When we are in the beginning of the spiritual life, notes St. Paisius of Mount Athos—and aren't we all beginngers—as we advance in the spiritual life, we shouldn't study a lot but instead, watch ourselves and observe our thoughts.
We see this watchfulness in today's Gospel reading. Here, Christ presents us with a mirror: the parable of a Publican and a Pharisee.
This is really a parable about ourselves. The Pharisee, studying other people instead of himself, doesn't hear the will of God. And yet, we may tell ourselves, we're not this Pharisee. We tell ourselves we're the model Publican, and yet by not identifying with the Pharisee, not seeing or admitting our tendency to judge, we become Pharisaical.
Too often, we mostly identify with the airport on top of our head. This airport welcomes compulsive thoughts taking off, landing, circling around us. We're constantly debating with ourselves, assessing everything. Whether good or bad, the fact our will is independent says we're not in harmony with God. Most of us don't hear God speaking in our midst because we're tuned in to this airport.
So we mustn't identify with these thoughts—don't give them room to land. Don't enter into debate. We ought to, really, avoid criticizing not only others, but even situations. Judging situations is a symptom of our blindness, our pride, because we assume we know God's will, His plan for our lives, and for the life of the world. We do not know His will, really, and to assess every situation suggests we know what's best for ourselves.
Now this isn't to say we aren't wise, that we don't discern—because certainly, the Orthodox Church isn't morally relativistic, it isn't altogether subjective—Truth isn't abstract speculation, Truth isn't just opinion—Truth is a Person—and this requires relationship, right relationship, and love.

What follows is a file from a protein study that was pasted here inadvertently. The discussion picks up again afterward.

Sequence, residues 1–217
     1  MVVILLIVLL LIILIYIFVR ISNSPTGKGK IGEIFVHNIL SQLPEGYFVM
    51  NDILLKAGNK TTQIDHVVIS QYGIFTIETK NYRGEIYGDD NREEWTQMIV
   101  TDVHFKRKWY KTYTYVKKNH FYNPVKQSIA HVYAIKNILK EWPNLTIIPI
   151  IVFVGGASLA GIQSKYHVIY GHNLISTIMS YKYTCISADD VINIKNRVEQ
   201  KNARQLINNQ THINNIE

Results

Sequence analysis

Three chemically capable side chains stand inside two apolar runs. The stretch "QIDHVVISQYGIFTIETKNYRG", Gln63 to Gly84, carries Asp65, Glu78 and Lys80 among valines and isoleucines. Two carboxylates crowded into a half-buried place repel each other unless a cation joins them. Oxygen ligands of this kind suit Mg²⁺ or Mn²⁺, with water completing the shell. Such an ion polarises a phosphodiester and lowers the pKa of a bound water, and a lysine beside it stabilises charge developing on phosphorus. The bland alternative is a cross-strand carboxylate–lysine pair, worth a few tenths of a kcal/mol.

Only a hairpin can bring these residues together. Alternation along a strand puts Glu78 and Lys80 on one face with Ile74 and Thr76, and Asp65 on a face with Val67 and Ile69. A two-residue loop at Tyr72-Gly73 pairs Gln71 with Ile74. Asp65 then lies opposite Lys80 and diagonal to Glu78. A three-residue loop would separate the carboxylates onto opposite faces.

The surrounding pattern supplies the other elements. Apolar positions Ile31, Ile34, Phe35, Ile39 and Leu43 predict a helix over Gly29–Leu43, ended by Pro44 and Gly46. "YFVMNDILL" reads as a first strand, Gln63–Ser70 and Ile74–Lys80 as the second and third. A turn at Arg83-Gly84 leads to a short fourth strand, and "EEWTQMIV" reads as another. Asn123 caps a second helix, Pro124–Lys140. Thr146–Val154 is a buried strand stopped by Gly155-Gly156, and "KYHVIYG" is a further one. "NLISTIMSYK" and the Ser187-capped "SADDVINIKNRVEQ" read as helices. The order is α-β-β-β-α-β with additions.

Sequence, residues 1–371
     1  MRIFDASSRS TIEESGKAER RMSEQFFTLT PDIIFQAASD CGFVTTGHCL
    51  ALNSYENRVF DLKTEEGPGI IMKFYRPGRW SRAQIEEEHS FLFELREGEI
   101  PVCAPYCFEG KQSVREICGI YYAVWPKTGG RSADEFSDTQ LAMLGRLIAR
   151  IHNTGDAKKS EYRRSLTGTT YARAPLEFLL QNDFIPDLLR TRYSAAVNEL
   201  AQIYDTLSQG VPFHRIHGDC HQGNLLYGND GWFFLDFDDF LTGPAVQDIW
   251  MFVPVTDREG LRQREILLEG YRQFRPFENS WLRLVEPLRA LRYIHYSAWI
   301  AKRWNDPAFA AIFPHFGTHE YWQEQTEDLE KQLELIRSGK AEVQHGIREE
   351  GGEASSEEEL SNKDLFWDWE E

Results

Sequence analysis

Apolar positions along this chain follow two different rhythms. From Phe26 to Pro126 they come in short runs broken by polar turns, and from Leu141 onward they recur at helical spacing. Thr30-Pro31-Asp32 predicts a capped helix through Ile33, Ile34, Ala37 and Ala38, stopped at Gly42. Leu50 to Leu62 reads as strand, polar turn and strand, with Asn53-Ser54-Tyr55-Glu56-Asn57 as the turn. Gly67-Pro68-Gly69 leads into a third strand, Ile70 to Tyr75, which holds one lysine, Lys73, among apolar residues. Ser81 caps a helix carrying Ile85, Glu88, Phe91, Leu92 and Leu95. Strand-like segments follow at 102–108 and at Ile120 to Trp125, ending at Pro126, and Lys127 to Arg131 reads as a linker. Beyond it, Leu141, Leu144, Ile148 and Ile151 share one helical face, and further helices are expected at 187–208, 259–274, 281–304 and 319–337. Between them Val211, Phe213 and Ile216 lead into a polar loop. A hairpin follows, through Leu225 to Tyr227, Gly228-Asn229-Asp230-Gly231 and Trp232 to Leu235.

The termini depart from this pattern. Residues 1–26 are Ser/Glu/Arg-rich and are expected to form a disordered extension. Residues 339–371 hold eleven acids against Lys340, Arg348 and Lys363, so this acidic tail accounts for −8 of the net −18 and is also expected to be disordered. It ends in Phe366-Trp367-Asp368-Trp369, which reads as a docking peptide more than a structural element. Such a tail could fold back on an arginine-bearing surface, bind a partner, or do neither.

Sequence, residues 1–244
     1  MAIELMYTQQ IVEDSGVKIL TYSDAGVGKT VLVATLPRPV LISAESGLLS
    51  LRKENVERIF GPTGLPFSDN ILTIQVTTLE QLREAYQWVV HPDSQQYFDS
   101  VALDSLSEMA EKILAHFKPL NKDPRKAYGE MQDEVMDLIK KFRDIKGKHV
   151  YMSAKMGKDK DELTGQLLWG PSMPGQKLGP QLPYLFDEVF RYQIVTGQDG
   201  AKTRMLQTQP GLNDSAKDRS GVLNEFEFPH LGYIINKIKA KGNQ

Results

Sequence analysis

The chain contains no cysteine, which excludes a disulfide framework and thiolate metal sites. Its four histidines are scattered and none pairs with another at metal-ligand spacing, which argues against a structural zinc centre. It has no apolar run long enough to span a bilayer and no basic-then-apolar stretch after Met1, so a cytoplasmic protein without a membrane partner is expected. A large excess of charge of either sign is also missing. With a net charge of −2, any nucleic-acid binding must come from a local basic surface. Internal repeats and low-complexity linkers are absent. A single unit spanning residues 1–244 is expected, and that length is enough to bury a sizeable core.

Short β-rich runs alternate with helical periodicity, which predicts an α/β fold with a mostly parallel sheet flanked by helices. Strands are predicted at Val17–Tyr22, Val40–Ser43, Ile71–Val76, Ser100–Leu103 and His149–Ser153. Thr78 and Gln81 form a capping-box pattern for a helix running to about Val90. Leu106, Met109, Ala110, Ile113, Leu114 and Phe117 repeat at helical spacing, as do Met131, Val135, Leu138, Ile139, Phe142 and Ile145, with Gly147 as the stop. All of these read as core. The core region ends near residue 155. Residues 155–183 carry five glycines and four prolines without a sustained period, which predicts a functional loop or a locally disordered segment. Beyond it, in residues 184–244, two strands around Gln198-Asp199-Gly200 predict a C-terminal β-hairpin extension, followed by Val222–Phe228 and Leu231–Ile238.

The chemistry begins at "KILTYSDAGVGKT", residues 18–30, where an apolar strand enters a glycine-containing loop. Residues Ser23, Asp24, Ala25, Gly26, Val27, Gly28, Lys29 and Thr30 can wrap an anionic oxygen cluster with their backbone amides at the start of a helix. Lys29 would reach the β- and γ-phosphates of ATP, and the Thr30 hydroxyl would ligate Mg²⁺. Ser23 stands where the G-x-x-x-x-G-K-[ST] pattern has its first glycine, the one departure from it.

The Publican's prayer reveals this relationship—not only does the Publican turn his thoughts away in order to apprehend the mercy of God but he barely lifts his gaze from himself. Each time a thought arrives, we must acknowledge this and return to our gaze to the heart, to the kingdom of God.
St. John the Evangelist tells us Christ stands at our door, knocks, and if we hear Him, which means looking past our mind and it's flighty thought patterns, and invite Christ in, then Christ breaks bread with us. When we offer ourselves, we receive Christ Who always offers Himself. It's as though we clear a spot at the dinner table for Him.
Attending these services doesn't merely suggest physical presence, although this is good—attending services of our Church implies attending to them mindfully, in spirit and in truth. This really requires us to let go of all earthly cares, because if we don't hear Him, if we're caught up in compulsive thinking, we're not returning to God. And this returning to God is precisely repentance.
Christ's first Gospel message is Repent, for the kingdom of God is at hand. We hear this call for return all through the Old Testament, from Adam to Moses on through the Prophets leading into St. John the Forerunner, this is the sum of our history: turning to God, returning to our Father's country. But we must get out of our heads. It isn't enough to think about spending time with our spouse; it isn't enough to even be at the same dinner table and never offer our attention, our ear, our heart—we must be completely given over to our spouse. This is true love, to return to our Beloved, to Christ. If we do this, if we begin the slow climb up Sinai, up Tabor, up Golgotha—our movement begins in a valley and ascends higher and higher to meet our risen Lord—if we return to Him, we partake of Him.
Nevertheless, and we'll emphasize this again, if we're studying and judging everything, updating everyone about ourselves, or who we think we are, we become self-absorbed, rather than absorbed in God.
Last Sunday, we joined little Zacchaeus in a leafy sycamore tree, eager to see Christ approaching. This is how we're transfigured: by abandoning ourselves to Christ, turning to Christ, running to Him with open arms, trying to get to know Him. Through love of brother, we arrive at love for God. This is our journey through Lent: seeking vision of God. Vision of God is true Orthodox theology—it isn't speculative, academic, and certainly doesn't come about by studying anything other than our own heart, calling out to Christ, and beholding Him in actuality, looking for Him, saying continually with the Publican:
God, be merciful to me, I am a sinner!